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Revealing the Intimate Lives of MASSIVE Galaxies

August 22, 2019

Figure caption. Example distributions of the first four velocity “moments” (called v, σ, h3 and h4 ) measured from the GMOS-N IFS data for two of the MASSIVE survey galaxies. For each galaxy, the top row shows two-dimensional maps, while the bottom row shows two-sided radial profiles from Gemini/GMOS-N (magenta circles) and McDonald Observatory (green squares) data. For more information, see the study by Berkeley graduate student Irina Ene, in the June issue of The Astrophysical Journal.

Every galaxy has a story, and every galaxy has been many others in the past (unlike for humans, this is not purely metaphorical, as galaxies grow via hierarchical assembly). Generally speaking, the most massive galaxies have led the most interesting lives, often within teeming galactic metropolises where they are subject to frequent interactions with assorted neighbors. These interactions influence the structure and motions of the stars, gas, and dark matter that make up the galaxies. They also affect the growth of the supermassive black holes at the galaxies’ centers.

Although the detailed life stories of most galaxies will remain forever uncertain, the key thematic elements may be surmised in various ways. A particularly powerful probe of a galaxy’s dynamical structure is called integral field spectroscopy (IFS), which dissects a galaxy’s light at each point within the spectrograph’s field of view. In this way, it is possible to construct a map of the motions of the stars within the galaxy and infer the distribution of the mass, both visible and invisible. IFS observations of the outskirts of a galaxy can provide insight into its global dynamics and past interactions, while IFS data on the innermost region can measure the mass of the supermassive black hole and the motions of the stars in its vicinity.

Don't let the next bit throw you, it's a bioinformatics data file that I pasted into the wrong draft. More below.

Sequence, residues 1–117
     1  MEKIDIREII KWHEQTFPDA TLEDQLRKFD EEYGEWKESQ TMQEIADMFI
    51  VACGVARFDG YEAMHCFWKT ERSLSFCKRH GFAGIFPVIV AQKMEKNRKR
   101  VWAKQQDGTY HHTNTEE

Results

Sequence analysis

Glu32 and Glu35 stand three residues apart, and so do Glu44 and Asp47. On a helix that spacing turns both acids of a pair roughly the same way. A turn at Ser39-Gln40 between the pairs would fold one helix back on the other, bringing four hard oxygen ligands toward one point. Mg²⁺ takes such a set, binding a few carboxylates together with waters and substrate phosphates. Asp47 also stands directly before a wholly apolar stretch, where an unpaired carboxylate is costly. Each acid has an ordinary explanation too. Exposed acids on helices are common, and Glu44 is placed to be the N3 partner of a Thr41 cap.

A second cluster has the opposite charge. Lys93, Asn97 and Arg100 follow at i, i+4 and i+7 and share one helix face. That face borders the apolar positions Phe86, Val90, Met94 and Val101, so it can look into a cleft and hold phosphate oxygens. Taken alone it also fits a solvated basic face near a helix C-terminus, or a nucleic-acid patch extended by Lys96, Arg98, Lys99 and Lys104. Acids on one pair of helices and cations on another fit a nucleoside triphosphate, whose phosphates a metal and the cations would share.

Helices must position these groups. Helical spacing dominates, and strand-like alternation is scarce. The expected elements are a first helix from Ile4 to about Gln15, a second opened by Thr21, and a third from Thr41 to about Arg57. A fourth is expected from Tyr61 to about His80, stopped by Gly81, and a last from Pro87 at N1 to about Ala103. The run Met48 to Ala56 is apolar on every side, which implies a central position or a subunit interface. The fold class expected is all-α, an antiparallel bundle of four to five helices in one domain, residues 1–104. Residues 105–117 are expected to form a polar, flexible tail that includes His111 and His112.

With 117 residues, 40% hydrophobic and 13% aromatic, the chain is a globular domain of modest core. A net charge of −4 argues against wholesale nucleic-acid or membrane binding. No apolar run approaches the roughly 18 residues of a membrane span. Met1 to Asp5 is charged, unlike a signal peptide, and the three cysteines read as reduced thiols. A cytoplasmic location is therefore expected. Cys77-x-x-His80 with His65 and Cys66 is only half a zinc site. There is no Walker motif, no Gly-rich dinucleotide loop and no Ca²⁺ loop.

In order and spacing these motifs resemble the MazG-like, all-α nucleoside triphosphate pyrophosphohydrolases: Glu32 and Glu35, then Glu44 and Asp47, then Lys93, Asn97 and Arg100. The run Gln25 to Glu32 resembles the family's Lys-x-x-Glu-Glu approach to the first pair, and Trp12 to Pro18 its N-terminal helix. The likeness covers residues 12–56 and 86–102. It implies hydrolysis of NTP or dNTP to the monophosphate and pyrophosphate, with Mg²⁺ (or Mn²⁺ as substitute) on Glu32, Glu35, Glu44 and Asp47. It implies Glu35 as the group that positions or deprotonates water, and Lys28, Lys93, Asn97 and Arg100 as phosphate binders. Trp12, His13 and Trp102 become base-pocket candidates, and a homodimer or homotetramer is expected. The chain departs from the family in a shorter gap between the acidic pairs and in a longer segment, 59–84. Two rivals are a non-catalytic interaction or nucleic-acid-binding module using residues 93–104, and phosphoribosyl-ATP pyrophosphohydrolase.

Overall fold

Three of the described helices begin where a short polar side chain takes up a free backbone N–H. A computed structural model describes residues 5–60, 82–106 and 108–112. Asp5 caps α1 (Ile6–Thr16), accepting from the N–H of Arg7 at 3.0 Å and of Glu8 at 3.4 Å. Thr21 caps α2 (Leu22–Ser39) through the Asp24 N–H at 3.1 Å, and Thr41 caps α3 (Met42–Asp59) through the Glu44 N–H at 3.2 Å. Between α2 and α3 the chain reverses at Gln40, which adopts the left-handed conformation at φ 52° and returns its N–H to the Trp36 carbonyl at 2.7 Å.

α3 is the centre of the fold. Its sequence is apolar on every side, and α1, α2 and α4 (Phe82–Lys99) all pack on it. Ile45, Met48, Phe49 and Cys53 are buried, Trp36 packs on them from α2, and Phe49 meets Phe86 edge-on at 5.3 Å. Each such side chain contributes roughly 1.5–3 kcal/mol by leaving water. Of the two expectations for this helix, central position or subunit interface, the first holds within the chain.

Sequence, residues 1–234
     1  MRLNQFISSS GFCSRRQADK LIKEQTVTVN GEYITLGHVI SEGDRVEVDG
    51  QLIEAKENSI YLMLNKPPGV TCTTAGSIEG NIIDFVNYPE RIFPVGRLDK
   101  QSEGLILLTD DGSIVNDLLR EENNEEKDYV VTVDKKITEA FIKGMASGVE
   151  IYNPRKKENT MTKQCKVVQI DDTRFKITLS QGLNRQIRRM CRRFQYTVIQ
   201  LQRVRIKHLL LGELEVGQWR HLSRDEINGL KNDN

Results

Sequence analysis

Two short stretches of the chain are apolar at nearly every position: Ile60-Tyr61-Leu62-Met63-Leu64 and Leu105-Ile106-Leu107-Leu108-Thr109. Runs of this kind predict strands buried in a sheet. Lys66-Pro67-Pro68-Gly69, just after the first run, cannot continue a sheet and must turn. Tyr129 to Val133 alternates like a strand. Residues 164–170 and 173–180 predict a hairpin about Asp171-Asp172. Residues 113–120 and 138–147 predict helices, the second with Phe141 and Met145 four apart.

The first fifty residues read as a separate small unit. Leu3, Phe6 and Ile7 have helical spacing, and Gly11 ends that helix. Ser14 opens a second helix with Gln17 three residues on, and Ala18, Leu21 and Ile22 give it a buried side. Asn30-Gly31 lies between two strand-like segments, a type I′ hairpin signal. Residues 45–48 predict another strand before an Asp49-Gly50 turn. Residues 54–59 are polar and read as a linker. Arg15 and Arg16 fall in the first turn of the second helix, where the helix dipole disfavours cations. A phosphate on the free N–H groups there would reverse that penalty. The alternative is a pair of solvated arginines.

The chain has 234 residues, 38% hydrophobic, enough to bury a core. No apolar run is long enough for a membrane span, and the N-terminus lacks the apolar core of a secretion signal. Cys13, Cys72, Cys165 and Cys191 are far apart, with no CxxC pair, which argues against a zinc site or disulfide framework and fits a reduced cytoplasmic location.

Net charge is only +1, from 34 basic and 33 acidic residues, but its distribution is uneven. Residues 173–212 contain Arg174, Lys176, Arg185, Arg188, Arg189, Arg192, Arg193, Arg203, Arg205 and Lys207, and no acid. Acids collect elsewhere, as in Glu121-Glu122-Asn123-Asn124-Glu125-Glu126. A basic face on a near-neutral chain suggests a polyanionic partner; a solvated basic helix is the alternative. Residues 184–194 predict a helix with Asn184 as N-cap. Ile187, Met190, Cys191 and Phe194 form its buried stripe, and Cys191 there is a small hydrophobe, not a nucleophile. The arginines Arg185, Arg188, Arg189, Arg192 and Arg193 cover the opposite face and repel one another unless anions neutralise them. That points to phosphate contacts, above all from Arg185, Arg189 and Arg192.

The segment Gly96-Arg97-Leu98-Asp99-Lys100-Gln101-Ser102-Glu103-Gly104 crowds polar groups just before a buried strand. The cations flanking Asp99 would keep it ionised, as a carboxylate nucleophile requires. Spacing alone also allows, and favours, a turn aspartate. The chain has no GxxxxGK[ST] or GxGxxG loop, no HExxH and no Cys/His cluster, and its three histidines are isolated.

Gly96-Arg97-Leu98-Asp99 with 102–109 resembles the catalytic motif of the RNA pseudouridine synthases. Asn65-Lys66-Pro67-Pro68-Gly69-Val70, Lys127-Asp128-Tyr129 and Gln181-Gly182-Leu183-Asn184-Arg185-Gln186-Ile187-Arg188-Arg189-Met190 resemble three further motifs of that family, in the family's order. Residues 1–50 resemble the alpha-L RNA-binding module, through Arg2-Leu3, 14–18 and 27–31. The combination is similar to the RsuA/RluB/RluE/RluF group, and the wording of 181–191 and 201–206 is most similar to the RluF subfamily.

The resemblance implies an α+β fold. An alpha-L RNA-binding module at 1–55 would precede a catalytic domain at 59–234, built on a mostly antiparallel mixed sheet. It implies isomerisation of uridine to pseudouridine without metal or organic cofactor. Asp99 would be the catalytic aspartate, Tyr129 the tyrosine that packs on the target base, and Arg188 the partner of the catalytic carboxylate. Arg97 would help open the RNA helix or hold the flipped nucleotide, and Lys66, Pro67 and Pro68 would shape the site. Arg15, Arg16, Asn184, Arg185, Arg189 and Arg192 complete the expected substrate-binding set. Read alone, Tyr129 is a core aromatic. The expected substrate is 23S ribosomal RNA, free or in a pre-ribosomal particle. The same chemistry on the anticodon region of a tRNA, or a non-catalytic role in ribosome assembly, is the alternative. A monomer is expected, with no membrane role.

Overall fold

The MASSIVE Galaxy Survey, led by Chung-Pei Ma of the University of California, Berkeley, is a major effort to uncover the internal structures and formation histories of the most massive galaxies within 350 million light years of our Milky Way. A recent study by the MASSIVE team presents high angular resolution IFS observations of 20 high-mass galaxies obtained with GMOS at Gemini North, combined with wide-field IFS data on the same galaxies from the 2.7-meter telescope at McDonald Observatory in Texas. The study, led by Berkeley graduate student Irina Ene, appears in the June issue of The Astrophysical Journal

The accompanying figure shows example maps of four indicators, or “moments” (called v, σ, h3 , and h4), of the stellar motions within two galaxies in the MASSIVE survey. The maps, based on the GMOS IFS data, cover the central regions of the galaxies. The figure also shows graphs of how these indicators vary with distance from the centers of these galaxies. Although both galaxies exhibit ordered central rotation, they are strikingly different in how the motions of the stars vary within the galaxy. Interestingly, for galaxies in the MASSIVE Survey, the directions of the motions of the stars in the central regions are often unaligned with the motions at large radius. This indicates complex and diverse merger histories. 

As a proof of concept, the new study performs detailed dynamical modeling of the IFS data for NGC 1453, the galaxy in the sample with the fastest rotation rate. The team’s analysis reveals the amount of dark matter in this galaxy and shows how the shapes of the stars’ orbits change with radius. In addition, the team found an impressively large mass for the central black hole, more than three billion times the mass of our Sun. The MASSIVE Survey team is currently performing detailed modeling for all the rest of the galaxies in the sample. The results will provide further insight into the assembly histories of the largest galaxies in the local Universe and refine our understanding of the coevolution of galaxies and their central black holes up to the most extreme masses. 

This web feature can also be found in our July 2019 issue of Gemini Focus.


Gemini Observatory Participants